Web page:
Hymn of the Seventh Galaxy

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Hymn of the Seventh Galaxy
Studio album by Return to Forever
Released October 1973
Recorded August 1973
Studio Record Plant Studios, New York City
Genre Jazz-rock
Length 42:14[1]
Label Polydor
Producer Chick Corea
Return to Forever chronology
Light as a Feather
(1973)Light as a Feather1973
Hymn of the Seventh Galaxy
Where Have I Known You Before
(1974)Where Have I Known You Before1974
Alternative cover
Non-US version of cover
Non-US version of cover
Professional ratings
Review scores
Source Rating
Allmusic 4.5/5 stars[2]
Creem B[3]
The Rolling Stone Jazz Record Guide 5/5 stars[4]

Hymn of the Seventh Galaxy (1973) is Return to Forever's third studio album.

This was the group's first album with a rock-influenced sound and without any vocals. Former members Flora Purim, Joe Farrell and Airto Moreira were replaced by drummer Lenny White and guitarist Bill Connors.

The album was originally recorded with drummer Steve Gadd but when Gadd did not want to tour with the band, a new version was recorded with Lenny White. The version featuring Gadd was never released and the whole recording is said to be lost.


The music draws upon elements from various genres, including Latin jazz, funk, psychedelic rock, and avant-garde jazz.

Corea relies mostly on electric pianos and organs, not yet playing the Minimoog.[5] Also, Clarke has not developed his famous electric bass sound yet and plays his one solo on the album through a fuzzbox. Bill Connors does not have the same reputation for technical wizardry as his successor Al Di Meola, but his heavily distorted guitar sound and fiery licks have received positive comments from reviewers.

The review of the album on Allmusic notes that "it is the quality of the compositions that marks Hymn of the Seventh Galaxy as an indispensable disc of '70s fusion". Clarke contributed one song for the album and Corea wrote the rest of the material. The first track, the title track, is Corea's short space rock anthem that sets the mood for the rest of the album. The second track, "After the Cosmic Rain", is Clarke's sole composition on the album, and it features a long bass solo played through a fuzzbox followed by Corea's fiery electric piano solo. "Captain Señor Mouse" is a piece that has a fast, airy theme that suddenly turns into another theme that sounds like Latin music. This composition shows a humorous side of Corea, who has claimed that the song was written about a mouse that he saw in a house while visiting Switzerland. Long solos following themes are played by Corea and Connors. Al Di Meola recorded his own version of this song for his album Casino (1978).

Side 2 of the original vinyl version starts with "Theme to the Mothership", which is another space-rock anthem. After a melodically strong theme, Connors plays a solo over one long repeating riff. Corea switches distortion on during his own solo. "Space Circus" features Corea's "Children Song" as a spooky intro that is followed by a piece that is based on a funk riff. This time Corea leaves solo space solely for Connors. Lenny White has also some extensive drum breaks on the track. The last track, "Game Maker" has also a slow intro after which an avant-garde-like theme comes in. Corea and Connors play improvised solos in a call-and-response style.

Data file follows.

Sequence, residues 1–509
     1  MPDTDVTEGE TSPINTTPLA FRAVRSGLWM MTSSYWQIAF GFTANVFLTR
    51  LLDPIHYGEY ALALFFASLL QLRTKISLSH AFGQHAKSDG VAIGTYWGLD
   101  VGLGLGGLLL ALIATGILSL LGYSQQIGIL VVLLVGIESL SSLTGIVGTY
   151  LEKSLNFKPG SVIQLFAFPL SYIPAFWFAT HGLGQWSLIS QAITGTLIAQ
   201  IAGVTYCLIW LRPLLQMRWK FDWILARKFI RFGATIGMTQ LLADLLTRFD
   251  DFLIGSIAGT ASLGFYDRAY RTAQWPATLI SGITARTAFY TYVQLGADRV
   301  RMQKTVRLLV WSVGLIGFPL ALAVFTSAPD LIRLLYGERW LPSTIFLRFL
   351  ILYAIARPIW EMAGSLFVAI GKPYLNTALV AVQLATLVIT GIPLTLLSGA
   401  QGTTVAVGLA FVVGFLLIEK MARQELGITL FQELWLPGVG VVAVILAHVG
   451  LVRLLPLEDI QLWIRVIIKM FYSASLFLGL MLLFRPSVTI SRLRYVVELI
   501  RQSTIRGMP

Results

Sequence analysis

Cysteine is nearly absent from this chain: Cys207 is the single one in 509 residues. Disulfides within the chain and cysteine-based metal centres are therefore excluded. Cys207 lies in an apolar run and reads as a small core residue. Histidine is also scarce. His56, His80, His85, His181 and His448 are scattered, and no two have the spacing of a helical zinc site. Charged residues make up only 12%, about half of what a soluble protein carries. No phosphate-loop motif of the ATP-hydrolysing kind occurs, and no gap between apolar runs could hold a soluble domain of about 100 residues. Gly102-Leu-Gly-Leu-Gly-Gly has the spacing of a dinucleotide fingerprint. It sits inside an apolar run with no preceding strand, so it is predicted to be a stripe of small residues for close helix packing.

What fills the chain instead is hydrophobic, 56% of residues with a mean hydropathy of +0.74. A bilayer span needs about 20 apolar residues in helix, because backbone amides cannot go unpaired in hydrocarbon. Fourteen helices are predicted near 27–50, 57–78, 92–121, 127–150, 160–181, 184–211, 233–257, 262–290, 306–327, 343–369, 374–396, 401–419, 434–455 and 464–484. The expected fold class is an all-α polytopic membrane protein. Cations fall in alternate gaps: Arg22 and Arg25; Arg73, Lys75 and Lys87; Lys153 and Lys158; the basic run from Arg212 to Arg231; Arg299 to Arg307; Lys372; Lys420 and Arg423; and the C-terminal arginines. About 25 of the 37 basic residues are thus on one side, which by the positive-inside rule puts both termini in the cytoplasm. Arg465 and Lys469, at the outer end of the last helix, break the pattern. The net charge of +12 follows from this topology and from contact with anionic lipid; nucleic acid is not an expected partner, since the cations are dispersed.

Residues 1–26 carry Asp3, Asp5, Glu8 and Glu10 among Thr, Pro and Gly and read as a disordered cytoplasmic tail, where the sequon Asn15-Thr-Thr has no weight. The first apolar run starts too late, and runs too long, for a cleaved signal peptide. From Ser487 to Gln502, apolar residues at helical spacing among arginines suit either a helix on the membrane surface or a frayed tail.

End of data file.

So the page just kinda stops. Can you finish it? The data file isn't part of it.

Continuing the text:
After touring for a while following the album's release, Connors left the group for a solo career, stating that he wanted to concentrate on acoustic music. He was replaced by Al Di Meola.

Critical reception[edit]

In a retrospective review, Robert Christgau wrote of Return to Forever:

The futuristic, Mahavishnu-style jazz-rock gets hot enough at times to make you believe in spirit energy. But Corea's themes lack the grandeur of McLaughlin's, and what good is God without grandeur? Part of the problem is technical--when you articulate fast runs cleanly on an electric piano you sound precious almost automatically. Too often, though, I suspect that's what Corea wants. Better he should try for the cosmic joke--like when "Captain Senor Mouse" breaks into "La Cucaracha."[6]

Track listing[edit]

All tracks written by Chick Corea, except where noted.

Side one
No. Title Writer(s) Length
1. "Hymn of the Seventh Galaxy"   3:31
2. "After the Cosmic Rain" Stanley Clarke 8:25
3. "Captain Señor Mouse"   9:01
Side two
No. Title Length
4. "Theme to the Mothership" 8:49
5. "Space Circus, parts 1-2" 5:42
6. "The Game Maker" 6:46
Total length: 42:14


Chart performance[edit]

Year Chart Position
1973 Billboard 200 124[7]
1974 Billboard Jazz Albums 7[7]


  1. ^ https://www.amazon.de/Hymn-Of-The-Seventh-Galaxy/dp/B001SQSS8G/ref=mb_oe_o
  2. ^ Gioffre, Daniel. "Hymn of the Seventh Galaxy - Return to Forever | AllMusic". allmusic.com. Retrieved 20 July 2011. 
  3. ^ Christgau, Robert (June 1974). "The Christgau Consumer Guide". Creem. Retrieved February 28, 2016. 
  4. ^ Swenson, J., ed. (1985). The Rolling Stone Jazz Record Guide. USA: Random House/Rolling Stone. p. 50. ISBN 0-394-72643-X. 
  5. ^ Yurochko, Bob (1993). A Short History of Jazz. Rowman & Littlefield. p. 191. ISBN 9780830415953. Retrieved 20 June 2013. 
  6. ^ Christgau, Robert (1981). Christgau's Record Guide: Rock Albums of the Seventies. New Haven: Ticknor & Fields. p. 322. ISBN 0-89919-025-1. 
  7. ^ a b "Hymn of the Seventh Galaxy - Chick Corea,Return to Forever | Awards | AllMusic". allmusic.com. Retrieved 27 October 2013. 
  • Gioffre, Daniel, Hymn of the Seventh Galaxy review at Allmusic.com